Urine neutrophil gelatinase-associated lipocalin (NGAL), kidney injury molecule 1 (KIM-1), interleukin 18 (IL-18), interleukin 6 (IL-6), interleukin 8 (IL-8), β2-microglobulin, Cystatin-C, and Liver-type fatty acid-binding protein (LFABP) are urinary and serum biomarkers for the diagnosis of AKI in pediatric patients (Table 4) [11-19]. NGAL is expressed in proximal and distal nephron and binds and transports iron-carrying molecules [10,11]. NGAL plays an important role in injury and repair and rises very early (hours) after injury in animals, confirmed in children with cardiopulmonary bypass, critically ill children, and children with contrast-induced nephropathy [11-13]. In a prospective cohort study of critically ill children, mean and peak urine NGAL concentrations increased with worsening pRIFLE status, and urine NGAL concentrations rose in AKI, 2 days before and after a 50% or greater rise in serum creatinine, without change in control urine NGAL [12]. This study suggested that urine NGAL might be a useful early AKI marker that predicted development of severe AKI in a heterogeneous group of patients with unknown timing of kidney injury. IL-18 plays a role in inflammation, activating macrophages and mediates ischemic renal injury [13]. IL-18 antiserum to animals protects against ischemic AKI [10]. Urinary IL-18 was reported to be an AKI biomarker in critically ill children, children with port-cardiac surgery, and pediatric patients in emergency department [13-15]. Washburn K et al. reported that urine IL-18 might be used as a useful early AKI marker in critically ill children [14]. Urinary IL-6 and serum IL-8 was confirmed in children with port-cardiac surgery [16,17]. KIM-1 is an epithelial transmembrane protein, and is involved in cell-cell interaction [10]. KIM-1 appears to have strong relationship with severity of renal injury [10]. Du Y et al. reported that KIM-1 and β2-microglobulin could be used as urinary biomarkers to detect AKI in pediatric emergency center [15]. Serum cystatin C and urinary LFABP was reported as a biomarker of AKI after pediatric cardiac surgery [18, 19]. In the pediatric setting, many studies were conducted post-cardiac surgery, and the collaborations among pediatric nephrology, cardiology, emergency medicine, and critical care medicine are needed for the research of AKI biomarkers.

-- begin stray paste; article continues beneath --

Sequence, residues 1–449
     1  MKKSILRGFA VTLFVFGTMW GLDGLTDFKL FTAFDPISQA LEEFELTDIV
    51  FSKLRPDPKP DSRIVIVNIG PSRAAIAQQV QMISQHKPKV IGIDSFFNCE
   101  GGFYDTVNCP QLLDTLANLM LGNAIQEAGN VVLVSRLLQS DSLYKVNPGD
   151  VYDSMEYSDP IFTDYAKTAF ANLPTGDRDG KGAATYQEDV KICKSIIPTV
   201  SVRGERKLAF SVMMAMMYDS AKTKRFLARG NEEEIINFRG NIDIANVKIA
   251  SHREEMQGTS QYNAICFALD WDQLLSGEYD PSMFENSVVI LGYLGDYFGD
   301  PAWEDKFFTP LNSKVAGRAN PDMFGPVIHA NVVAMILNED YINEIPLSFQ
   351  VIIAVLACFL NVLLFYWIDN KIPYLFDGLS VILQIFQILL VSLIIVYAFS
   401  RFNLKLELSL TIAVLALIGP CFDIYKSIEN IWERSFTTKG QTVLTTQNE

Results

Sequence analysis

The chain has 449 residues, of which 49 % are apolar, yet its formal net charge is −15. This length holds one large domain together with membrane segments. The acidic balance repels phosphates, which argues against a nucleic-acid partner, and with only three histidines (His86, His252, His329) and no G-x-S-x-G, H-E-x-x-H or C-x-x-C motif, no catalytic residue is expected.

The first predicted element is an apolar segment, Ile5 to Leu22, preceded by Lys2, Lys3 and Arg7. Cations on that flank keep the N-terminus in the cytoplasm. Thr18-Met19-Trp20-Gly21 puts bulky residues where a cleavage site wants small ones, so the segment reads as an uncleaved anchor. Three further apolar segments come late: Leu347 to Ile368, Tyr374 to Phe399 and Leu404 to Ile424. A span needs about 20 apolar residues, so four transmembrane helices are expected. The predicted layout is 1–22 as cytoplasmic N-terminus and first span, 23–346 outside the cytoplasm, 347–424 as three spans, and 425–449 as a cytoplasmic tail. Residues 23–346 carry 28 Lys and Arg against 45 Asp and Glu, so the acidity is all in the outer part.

Table 4.
Table 4.

Pediatric acute kidney injury biomarkers

Therapeutic intervention